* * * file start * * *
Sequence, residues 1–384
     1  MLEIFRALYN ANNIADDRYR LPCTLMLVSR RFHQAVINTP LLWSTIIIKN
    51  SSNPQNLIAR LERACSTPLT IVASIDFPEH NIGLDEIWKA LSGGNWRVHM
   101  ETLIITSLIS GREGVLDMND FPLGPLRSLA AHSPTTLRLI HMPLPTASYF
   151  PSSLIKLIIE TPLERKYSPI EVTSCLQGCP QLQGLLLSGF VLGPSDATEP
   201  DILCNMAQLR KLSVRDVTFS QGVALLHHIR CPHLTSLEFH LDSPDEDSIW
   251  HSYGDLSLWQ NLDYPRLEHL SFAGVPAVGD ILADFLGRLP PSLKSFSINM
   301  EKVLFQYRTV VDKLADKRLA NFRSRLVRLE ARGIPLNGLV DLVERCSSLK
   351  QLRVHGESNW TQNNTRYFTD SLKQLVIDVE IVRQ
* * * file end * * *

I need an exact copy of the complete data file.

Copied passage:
Sequence, residues 1–384
     1  MLEIFRALYN ANNIADDRYR LPCTLMLVSR RFHQAVINTP LLWSTIIIKN
    51  SSNPQNLIAR LERACSTPLT IVASIDFPEH NIGLDEIWKA LSGGNWRVHM
   101  ETLIITSLIS GREGVLDMND FPLGPLRSLA AHSPTTLRLI HMPLPTASYF
   151  PSSLIKLIIE TPLERKYSPI EVTSCLQGCP QLQGLLLSGF VLGPSDATEP
   201  DILCNMAQLR KLSVRDVTFS QGVALLHHIR CPHLTSLEFH LDSPDEDSIW
   251  HSYGDLSLWQ NLDYPRLEHL SFAGVPAVGD ILADFLGRLP PSLKSFSINM
   301  EKVLFQYRTV VDKLADKRLA NFRSRLVRLE ARGIPLNGLV DLVERCSSLK
   351  QLRVHGESNW TQNNTRYFTD SLKQLVIDVE IVRQ